Interestingly, no miR-221 and -222 precursor overexpression was observed in the FA samples analyzed. In contrast, as shown in Fig. 2C, a modest increase in miR-181b-1 precursor expression was also detected in these FA samples (miR-181b-1 fold change: up to 8.56 with an average of 2.26).
Analysis of miRNA expression in thyroid FNABs
FNAB may be a useful tool in the pre-operative diagnosis of thyroid neoplasias in cases in which the material is too low to set up an immunohistochemical assay. To evaluate the applicability of miR-221, -222 and -181b gene expression analysis to FNAB samples, we studied eight cases of PTC. Normal thyroid cells, used as controls, were obtained from FNABs of thyroids carrying non-neoplastic nodules. The cytological specimens were analyzed for miR-221, -222 and -181b expression by quantitative RT-PCR on their precursors. A much higher expression of these three miRNAs was detected in seven out of eight analyzed carcinoma samples with respect to the normal thyroid cells (Fig. 3).
Overexpression of miR-221 and -181b in experimental rat and mouse models of thyroid carcinogenesis
Rat thyroid differentiated follicular cells, PC Cl 3 cells, have been previously transformed with several viral and cellular oncogenes. Some of them, such as RET/PTC, v-raf and v-ras-Ha correspond to the oncogenes frequently activated in human PTCs. These cell lines were analyzed for the expression of miR-221 and -181b by quantitative RT-PCR on their precursors. Figure 4A shows that miR-221 and -181b-1 precursors were not detectable in the normal PC Cl 3 cells, whereas they were abundantly expressed in the PC Cl 3 cells transformed by v-ras-Ha, v-ras-Ki, v-raf, RET/PTC1, RET/PTC3, E1A-Abl, E1A-raf, PyPMLV and v-mos. The miR-221 expression was particularly high in the PC v-mos cell line. Northern blot, shown in Fig. 4B, essentially confirmed the miR-221 results obtained by quantitative RT-PCR. Similar results were obtained when miR-222 expression was evaluated (data not shown).
PTCs developing in transgenic animal lines expressing tyrosine kinase receptor TRK) (thyro-globulin (Tg)-TRK) (Russel et al. 2000), RET/PTC3 (Tg-RET/PTC3) (Powell et al. 1998) and HPV E7 (Tg-E7) (Ledent et al. 1995) oncogenes under the transcriptional control of the Tg promoter have also been analyzed for miR-221 and -181b-1 precursor expression by quantitative RT-PCR analysis. As shown in Fig. 4C, elevated specific miR-221 and -181b-1 precursor RNA levels were observed in the thyroid carcinomas samples, whereas they were expressed at low levels in normal mouse thyroid tissues. Similar results were obtained for miR-222 (data not shown). Therefore, miR-221, -222 and -181b were also overexpressed in experimental models of thyroid carcinogenesis.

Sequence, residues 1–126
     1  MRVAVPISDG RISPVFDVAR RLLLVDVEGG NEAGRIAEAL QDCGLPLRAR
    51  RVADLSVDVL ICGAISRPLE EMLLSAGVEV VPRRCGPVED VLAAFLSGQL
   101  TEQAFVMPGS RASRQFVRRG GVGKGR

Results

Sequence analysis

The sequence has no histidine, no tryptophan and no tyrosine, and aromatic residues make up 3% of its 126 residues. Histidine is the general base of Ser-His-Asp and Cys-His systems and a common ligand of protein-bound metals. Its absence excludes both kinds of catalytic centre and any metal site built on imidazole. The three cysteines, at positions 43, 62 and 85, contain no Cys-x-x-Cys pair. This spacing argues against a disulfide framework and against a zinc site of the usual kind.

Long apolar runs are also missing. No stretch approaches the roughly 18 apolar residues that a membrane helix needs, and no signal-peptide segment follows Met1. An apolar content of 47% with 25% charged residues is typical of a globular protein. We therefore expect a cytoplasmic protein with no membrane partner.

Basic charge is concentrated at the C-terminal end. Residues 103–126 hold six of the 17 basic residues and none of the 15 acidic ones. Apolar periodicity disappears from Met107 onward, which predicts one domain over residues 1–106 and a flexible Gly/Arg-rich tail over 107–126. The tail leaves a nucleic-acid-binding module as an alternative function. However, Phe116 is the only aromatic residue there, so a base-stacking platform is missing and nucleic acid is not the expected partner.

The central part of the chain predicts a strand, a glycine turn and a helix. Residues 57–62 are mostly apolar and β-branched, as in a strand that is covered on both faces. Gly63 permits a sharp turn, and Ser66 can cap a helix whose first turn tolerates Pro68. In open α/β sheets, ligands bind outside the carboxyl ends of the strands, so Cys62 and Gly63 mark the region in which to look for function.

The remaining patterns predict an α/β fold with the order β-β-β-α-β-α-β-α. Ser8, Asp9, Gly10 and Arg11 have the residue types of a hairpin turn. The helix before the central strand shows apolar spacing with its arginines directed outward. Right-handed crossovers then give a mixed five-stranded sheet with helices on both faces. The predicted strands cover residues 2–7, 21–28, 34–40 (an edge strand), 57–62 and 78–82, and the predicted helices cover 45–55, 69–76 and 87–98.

Overexpression of miR-221 affects the growth of thyroid cancer cell lines
The aberrant expression of miR-221, -222 and -181b in PTCs prompted us to investigate whether their overexpression could be a causative event of the thyroid cell proliferation. To this purpose, we selected miR-221 for functional studies starting with a colony-forming assay on a human PTC cell line (NPA). As shown in Fig. 5A, transfection with miR-221 gave rise to a higher number (>twofold) of colonies in comparison with the same cells transfected with the empty vector. Northern blot analysis confirmed the overexpression of miR-221 in the NPA transfected cells (data not shown).
Blocking miR-221 expression inhibits thyroid carcinoma cell growth
In order to investigate the role of miR-221 overexpression in the growth of thyroid neoplastic cells, we blocked the miR-221 function by transfecting the NPA cells with modified antisense oligonucleotides for the miR-221. As shown in Fig. 5B, no miR-221 RNA was detected in the NPA cells treated with the antisense oligonucleotides (2′-O-Me-221), while it was present in those treated with the control oligonucleotides (2′-O-Me-eGFP). A significant reduction of NPA cell number treated with the antisense oligo compared with the control cells was observed at 72 and 96 h after oligonucleotide transfection (Fig. 5C). These results suggest that miR-221 overexpression has an important role in thyroid carcinoma cell proliferation.